Bombay blood group.
RAREST BLOOD GROUP. ONLY ONE PERSON OUT OF 7600 HAS THIS GROUP.
This is an extremely rare ABO group, called so because it was first discovered
among some people in Bombay (now Mumbai). Although the group is more likely to
occur in East Indians, it is a very rare group even here. It is not restricted
to East Indians but found in Caucasians, Japanese, etc. Their red cells lack ABH
antigens and their sera contain anti-A and anti-B and anti-H. The anti-H would
not be detected in the ABO group but would be detectable in pretransfusion
The Bombay blood group is a rare group except in parts of India where a
frequency of 1 in 7,600 has been observed. A high level of consanguinity has
been observed among the parents of the Bombay phenotype(8). Individuals with the
Bombay phenotype fail to express ANY A, B, or H antigen on their red cells or
other tissues (8,39).
The cause of this antigenic absence is that the individuals produce no H
glycosyl transferase ( FUT1). There is no H enzyme activity detected on the
individuals red cells or in their serum.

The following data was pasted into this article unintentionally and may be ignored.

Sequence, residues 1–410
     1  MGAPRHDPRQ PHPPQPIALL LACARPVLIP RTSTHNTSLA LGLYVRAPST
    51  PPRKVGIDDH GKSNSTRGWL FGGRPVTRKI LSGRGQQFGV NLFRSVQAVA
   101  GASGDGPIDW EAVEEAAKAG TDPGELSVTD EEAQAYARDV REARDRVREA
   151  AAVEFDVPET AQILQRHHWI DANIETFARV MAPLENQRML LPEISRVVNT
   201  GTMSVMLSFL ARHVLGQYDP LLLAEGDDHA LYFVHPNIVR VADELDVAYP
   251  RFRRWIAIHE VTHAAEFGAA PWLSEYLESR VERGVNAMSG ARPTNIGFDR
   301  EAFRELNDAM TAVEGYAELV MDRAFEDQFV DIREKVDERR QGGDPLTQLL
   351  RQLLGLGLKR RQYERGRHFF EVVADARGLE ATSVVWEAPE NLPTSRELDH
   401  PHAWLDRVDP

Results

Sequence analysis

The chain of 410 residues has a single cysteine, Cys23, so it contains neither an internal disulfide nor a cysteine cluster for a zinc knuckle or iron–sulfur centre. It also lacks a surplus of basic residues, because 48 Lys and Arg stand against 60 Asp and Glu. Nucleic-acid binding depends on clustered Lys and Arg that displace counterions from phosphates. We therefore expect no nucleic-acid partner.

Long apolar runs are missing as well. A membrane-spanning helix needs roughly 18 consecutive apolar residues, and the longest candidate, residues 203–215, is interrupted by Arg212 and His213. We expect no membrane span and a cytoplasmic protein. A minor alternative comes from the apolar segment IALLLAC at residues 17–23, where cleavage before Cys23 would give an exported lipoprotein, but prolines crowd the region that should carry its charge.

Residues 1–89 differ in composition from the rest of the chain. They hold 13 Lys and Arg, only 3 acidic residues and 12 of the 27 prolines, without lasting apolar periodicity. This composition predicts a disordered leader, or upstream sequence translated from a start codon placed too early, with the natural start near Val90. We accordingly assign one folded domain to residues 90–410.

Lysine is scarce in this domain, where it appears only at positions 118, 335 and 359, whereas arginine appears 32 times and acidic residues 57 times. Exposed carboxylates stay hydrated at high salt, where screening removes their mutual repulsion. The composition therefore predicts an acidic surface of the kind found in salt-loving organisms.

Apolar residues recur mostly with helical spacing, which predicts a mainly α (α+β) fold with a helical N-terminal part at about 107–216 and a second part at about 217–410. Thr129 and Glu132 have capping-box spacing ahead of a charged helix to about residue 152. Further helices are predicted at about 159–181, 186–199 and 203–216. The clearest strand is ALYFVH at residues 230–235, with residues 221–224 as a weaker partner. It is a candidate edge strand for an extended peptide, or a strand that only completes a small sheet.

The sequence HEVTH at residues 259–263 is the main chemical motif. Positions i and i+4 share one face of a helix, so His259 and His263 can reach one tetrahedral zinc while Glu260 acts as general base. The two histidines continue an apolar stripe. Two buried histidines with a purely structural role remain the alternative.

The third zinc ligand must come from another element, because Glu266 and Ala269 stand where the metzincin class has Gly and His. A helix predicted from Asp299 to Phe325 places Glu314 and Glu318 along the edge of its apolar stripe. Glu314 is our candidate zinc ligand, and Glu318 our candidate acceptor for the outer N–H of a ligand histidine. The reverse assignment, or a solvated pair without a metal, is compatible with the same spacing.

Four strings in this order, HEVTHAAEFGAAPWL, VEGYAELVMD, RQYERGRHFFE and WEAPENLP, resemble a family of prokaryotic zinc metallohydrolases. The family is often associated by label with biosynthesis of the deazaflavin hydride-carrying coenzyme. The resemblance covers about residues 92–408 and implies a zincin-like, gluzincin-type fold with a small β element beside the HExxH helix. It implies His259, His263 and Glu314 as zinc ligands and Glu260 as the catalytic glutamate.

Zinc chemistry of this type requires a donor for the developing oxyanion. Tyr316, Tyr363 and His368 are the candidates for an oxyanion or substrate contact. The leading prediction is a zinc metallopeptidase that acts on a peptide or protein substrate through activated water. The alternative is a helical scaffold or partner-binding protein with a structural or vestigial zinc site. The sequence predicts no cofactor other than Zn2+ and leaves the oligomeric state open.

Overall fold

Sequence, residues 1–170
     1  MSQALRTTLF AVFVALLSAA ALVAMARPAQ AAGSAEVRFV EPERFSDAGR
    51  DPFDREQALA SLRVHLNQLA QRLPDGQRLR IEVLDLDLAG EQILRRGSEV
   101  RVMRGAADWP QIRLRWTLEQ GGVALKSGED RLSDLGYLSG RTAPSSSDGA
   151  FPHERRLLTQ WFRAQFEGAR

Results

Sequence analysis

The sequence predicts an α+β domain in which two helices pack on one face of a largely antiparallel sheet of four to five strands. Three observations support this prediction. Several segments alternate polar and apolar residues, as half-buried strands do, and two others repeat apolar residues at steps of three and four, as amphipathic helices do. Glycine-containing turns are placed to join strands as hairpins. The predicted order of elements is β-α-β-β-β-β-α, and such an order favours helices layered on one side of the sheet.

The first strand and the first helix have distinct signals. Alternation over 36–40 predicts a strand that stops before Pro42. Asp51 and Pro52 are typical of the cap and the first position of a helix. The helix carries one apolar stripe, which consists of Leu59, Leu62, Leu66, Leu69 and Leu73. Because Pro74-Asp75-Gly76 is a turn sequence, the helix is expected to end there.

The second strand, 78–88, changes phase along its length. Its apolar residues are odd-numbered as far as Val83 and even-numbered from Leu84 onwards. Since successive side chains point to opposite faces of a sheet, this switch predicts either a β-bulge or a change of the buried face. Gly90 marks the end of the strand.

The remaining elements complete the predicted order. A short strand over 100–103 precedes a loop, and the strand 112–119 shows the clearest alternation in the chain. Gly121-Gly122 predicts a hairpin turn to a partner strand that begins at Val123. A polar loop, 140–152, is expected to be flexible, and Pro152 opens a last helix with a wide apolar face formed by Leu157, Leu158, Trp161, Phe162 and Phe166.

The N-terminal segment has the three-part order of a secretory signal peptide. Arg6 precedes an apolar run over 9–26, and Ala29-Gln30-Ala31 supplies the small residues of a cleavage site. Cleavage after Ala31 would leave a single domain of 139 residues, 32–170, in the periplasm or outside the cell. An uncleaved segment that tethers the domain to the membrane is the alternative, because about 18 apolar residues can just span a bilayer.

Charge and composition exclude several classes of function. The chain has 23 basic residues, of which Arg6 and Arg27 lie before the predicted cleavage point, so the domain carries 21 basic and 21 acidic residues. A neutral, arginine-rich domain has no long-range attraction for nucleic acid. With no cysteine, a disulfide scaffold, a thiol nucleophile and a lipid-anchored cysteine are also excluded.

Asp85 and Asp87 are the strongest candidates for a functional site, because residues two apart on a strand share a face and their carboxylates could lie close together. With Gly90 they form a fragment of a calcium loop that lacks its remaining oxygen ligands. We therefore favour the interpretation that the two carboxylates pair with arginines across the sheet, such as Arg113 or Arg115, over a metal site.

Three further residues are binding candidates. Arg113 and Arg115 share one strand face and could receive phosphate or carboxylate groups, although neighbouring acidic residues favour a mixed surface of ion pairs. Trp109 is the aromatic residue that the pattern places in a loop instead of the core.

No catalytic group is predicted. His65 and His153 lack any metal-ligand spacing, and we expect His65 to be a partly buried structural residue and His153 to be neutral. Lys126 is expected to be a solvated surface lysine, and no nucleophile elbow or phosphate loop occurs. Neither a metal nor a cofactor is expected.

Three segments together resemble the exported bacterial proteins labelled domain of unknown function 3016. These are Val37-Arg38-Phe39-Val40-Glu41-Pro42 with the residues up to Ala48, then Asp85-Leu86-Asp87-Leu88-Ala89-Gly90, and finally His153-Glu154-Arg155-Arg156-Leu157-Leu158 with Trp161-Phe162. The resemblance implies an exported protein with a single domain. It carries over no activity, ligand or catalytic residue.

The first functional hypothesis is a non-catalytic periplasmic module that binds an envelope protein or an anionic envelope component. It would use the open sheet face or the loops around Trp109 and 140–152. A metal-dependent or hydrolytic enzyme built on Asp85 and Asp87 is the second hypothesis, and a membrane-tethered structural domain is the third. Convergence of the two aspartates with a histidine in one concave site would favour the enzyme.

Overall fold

These individuals may, however, posses either the A and / or the B gene on
chromosome 9 and while an A or B glycosyl transferase may be produced there is
no H antigen precursor that can be converted into either the A or B antigen (8,
The cause of the Bombay phenotype is , predominately, mutation in the H gene on
chromosome 19 that causes a non functional H glycosyl transferase to be
produced. This is generally a Mendelian recessive gene. One cause identified has
been a mutation that changes the code for trypsin at amino acid residue 316 of
the transferase to that for a stop codon. The result is a truncated, non
functional H transferase (8).
Generally ABO group of blood will have their own specific antigens and
antibodies in their blood. All the blood groups in this category will have
antigen H in common in addition to their own specific antigens and antibodies.
But Bombay blood group doesn't include any antigens in its blood and it have
antibodies H, A and B in its blood. If ABO category(A, B, AB and O) group of
blood is given to Bombay blood group patients due incompatibility the antigens
of the donors blood will react with antibodies of the patient leading to the
death of cells and ultimately to the death of the patient.